The last few months – and especially last week – reminded Americans how contentious higher education politics have become for academics, and particularly for Black scholars.
The University of North Carolina at Chapel Hill (UNC) made headlines when its board of trustees delayed tenure for journalist Nikole Hannah-Jones. I recently spoke about this controversy on WNPR’s “Disrupted” with several academic colleagues.
Academia has faced challenges with academic freedom – or the ability for faculty and students not to be penalized for their views and research. Tenure ensures this academic protection and it allows for scholars to explore their research devoid of political pressure. As a recently tenured professor, I respect academic freedom and especially as a policy analyst engaged in public scholarship – an academic area I will highlight in the future.
But increasingly, university donors, officials, and alumni are steering decisions and disrupting academic freedom. The Hannah-Jones affair should be a reminder of how higher education officials can limit tenure and academic freedom. It should also be a wake-up call that her decision to join Howard University over UNC demonstrates why minority-serving institutions, like Historically Black Colleges and Universities (HBCUs), are a necessity, especially in our post-civil rights era.
Hannah-Jones is a Pulitzer Prize-winning reporter, as she is widely known for her research surrounding The New York Times Magazine’s “The 1619 Project,” which focused on ties between American slavery and modern racial issues.
While the Times series garnered much acclaim, it also led some to dispute the research findings. UNC trustee Walter Hussman found the claims that America’s founders were attempting to maintain slavery by seeking British independence problematic. Reportedly, he and other trustees delayed the tenure process for Hannah-Jones and protests by faculty, students, and alumni ensued.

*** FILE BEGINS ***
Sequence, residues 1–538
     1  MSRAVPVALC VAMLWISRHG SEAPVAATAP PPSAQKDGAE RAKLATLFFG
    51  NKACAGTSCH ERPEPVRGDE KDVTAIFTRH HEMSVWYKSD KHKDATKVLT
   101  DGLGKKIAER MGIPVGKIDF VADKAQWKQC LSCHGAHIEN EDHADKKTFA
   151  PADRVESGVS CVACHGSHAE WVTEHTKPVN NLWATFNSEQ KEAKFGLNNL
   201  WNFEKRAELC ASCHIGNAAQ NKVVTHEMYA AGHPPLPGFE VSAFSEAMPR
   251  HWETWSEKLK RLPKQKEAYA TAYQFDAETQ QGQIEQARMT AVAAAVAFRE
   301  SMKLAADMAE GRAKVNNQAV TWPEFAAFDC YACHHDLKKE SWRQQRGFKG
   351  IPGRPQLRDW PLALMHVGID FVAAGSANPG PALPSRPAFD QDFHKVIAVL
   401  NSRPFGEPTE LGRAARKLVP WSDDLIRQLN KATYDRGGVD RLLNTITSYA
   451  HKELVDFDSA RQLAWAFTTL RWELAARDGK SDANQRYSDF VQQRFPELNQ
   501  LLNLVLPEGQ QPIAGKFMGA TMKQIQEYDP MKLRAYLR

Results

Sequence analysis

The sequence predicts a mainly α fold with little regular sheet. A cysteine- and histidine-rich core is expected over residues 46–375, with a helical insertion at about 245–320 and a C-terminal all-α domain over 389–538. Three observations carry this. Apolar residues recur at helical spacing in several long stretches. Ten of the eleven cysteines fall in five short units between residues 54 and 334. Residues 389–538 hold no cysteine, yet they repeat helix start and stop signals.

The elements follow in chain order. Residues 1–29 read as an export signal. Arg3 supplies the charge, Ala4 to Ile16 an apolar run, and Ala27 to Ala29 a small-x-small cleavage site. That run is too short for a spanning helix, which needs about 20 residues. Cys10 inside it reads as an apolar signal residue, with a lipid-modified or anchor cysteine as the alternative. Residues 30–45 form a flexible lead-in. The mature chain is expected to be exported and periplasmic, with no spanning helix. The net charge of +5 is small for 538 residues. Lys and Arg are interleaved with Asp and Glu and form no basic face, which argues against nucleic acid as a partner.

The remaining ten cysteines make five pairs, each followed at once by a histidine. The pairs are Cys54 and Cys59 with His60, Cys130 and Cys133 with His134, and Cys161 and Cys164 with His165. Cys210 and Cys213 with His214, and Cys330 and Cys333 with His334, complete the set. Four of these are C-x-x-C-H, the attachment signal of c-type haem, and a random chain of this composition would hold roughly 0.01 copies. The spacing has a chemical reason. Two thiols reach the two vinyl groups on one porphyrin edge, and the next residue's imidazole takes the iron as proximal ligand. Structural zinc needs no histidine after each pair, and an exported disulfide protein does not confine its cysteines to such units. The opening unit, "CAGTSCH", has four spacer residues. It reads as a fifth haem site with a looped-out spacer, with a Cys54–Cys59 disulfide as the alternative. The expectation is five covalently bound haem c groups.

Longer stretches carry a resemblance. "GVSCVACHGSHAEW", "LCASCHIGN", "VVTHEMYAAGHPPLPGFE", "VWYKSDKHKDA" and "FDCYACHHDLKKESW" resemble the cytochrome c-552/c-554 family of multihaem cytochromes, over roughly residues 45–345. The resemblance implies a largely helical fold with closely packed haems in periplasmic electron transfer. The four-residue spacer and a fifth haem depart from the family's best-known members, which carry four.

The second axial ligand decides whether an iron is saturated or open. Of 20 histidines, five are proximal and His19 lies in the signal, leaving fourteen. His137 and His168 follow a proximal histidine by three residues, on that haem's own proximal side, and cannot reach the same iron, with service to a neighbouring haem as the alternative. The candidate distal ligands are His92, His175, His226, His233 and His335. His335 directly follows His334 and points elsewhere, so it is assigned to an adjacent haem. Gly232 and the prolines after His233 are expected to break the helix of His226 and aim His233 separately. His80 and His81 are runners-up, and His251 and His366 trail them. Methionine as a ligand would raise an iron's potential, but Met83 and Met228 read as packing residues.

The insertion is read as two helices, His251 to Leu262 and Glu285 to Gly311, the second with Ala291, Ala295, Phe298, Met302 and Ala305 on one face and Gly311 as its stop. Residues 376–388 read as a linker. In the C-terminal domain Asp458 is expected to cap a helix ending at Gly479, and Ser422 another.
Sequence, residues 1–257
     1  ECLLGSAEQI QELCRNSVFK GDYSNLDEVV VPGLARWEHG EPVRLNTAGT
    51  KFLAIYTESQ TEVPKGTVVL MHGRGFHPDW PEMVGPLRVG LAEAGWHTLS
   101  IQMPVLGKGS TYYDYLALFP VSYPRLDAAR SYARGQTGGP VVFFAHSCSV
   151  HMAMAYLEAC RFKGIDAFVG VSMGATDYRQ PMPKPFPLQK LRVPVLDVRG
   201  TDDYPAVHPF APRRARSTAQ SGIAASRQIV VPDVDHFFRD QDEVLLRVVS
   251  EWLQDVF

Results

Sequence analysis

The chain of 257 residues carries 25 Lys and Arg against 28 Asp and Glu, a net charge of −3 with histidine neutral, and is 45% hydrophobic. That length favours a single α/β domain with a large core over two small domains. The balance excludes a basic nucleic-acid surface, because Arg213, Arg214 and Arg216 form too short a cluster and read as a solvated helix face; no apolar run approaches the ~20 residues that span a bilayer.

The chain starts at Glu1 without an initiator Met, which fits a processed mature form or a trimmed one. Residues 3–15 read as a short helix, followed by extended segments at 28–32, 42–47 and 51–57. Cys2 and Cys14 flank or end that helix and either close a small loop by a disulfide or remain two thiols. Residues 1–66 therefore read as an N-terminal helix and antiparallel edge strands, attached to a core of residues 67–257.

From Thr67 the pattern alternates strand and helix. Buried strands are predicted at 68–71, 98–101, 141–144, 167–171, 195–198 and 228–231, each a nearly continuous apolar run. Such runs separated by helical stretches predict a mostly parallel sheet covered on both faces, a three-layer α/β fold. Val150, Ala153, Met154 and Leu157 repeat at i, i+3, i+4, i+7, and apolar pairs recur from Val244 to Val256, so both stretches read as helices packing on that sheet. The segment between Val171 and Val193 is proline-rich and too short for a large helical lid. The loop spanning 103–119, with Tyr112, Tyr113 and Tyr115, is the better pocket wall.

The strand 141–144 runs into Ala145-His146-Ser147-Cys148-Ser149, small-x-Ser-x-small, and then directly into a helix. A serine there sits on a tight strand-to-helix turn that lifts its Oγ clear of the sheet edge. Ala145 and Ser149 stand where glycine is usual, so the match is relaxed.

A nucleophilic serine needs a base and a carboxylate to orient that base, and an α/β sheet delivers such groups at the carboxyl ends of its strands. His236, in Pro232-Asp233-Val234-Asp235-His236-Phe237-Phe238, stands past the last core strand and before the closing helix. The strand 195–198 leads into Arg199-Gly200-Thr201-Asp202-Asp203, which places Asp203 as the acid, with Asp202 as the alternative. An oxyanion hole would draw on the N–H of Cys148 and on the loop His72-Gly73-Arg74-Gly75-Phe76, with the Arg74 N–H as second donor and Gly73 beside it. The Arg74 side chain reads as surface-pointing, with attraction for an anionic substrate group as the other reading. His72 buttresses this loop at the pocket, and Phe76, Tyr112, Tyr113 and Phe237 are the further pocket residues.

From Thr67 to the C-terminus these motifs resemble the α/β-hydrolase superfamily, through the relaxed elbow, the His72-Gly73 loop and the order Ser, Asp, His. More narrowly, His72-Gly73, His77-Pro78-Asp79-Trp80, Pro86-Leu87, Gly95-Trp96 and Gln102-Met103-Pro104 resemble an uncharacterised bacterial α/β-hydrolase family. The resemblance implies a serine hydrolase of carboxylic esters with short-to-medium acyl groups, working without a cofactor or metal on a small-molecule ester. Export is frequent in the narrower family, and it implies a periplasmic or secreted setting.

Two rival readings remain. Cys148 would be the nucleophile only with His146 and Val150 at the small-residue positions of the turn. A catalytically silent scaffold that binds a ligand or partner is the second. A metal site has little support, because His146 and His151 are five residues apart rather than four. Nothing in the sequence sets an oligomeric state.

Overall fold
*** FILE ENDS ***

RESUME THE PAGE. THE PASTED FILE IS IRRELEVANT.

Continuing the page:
Some proclaimed “superstar” faculty, particularly notable authors lacking a doctorate, petition or receive tenure for academic freedom and professional purposes. But it is highly unusual for university trustees to delay a tenure decision after the department faculty, chair, dean, and provost have all approved tenure. For all intents and purposes, trustees finalize the decision following the faculty and administrators’ peer-review process.
For university trustees to interfere in academics’ decisions goes against academic freedom itself. But Hussman is not just a trustee: he’s also an alumnus and significant donor to UNC’s journalism school, which is named after him.
Hannah-Jones is a UNC alumna as well, and the recipient of a Peabody Award and National Magazine Award. Along with her MacArthur Fellowship “Genius” grant, she was also endowed with a Knight Foundation professorship. This is a significant feat because these awards and grants allow an academic to pursue their research with financial support.
But Hannah-Jones ultimately turned down UNC’s offer last week since trustees belatedly voted 9-4 for tenure after delaying the process for several months. More importantly, Hannah-Jones announced that she is joining Howard University faculty along with Howard alumnus and author, Ta-Nehisi Coates. Coates, a National Book Award recipient, will be the Sterling Brown Chair in the English Department.
The sudden announcement was unusual, especially since funding for their positions came together rapidly from several prestigious foundations and Howard alumni. With Coates’ and Hannah-Jones’ appointments at Howard, they will be funded with nearly $20 million in donations and grants to help support the Center for Journalism and Democracy.
This episode is a significant boon for Howard, but it’s also a reminder to Americans that academic freedom should not be taken for granted. It’s been eroding in academia and UNC is not the only institution where it has been challenged. Within the last 25 years, the number of faculty tenure-track positions (for faculty able to file for tenure) has dwindled from 56% to 45%.
Thankfully, HBCUs like Howard serve a vital purpose for continued African diaspora research and scholarship, as Coates offered last week on NPR. I know this importance as an academic as well as a Howard alumnus and Coates’ history-major classmate. Hannah-Jones and others are respecting the need for minority-serving institutions just as academic freedom is being increasingly challenged.
Jonathan L. Wharton, Ph.D. is the associate dean of the School of Graduate and Professional Studies and teaches political science at Southern Connecticut State University in New Haven.
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